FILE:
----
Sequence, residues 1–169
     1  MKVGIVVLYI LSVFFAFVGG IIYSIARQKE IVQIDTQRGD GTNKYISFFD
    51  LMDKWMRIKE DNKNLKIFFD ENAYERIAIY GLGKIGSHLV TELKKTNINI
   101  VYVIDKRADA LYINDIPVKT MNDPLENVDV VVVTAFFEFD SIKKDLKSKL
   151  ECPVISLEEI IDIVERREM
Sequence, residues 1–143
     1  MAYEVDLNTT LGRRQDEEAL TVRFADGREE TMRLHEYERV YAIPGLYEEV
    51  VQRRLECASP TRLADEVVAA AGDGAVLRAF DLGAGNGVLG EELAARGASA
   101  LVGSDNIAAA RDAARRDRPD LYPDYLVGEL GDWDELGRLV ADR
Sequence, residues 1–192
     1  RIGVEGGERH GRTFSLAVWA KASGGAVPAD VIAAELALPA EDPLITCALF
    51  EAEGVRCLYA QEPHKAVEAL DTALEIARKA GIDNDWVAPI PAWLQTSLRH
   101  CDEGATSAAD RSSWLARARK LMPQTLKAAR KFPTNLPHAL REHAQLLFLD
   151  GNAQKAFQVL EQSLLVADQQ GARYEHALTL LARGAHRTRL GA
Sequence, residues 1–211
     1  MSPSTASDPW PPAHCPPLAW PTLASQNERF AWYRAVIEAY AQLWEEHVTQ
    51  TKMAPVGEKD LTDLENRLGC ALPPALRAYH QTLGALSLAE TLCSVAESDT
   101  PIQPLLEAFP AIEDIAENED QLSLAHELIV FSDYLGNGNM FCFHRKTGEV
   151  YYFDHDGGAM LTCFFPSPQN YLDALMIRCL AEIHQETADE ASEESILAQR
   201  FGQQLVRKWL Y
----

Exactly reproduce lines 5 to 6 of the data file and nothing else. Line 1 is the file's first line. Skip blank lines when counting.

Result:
   151  ECPVISLEEI IDIVERREM
Sequence, residues 1–143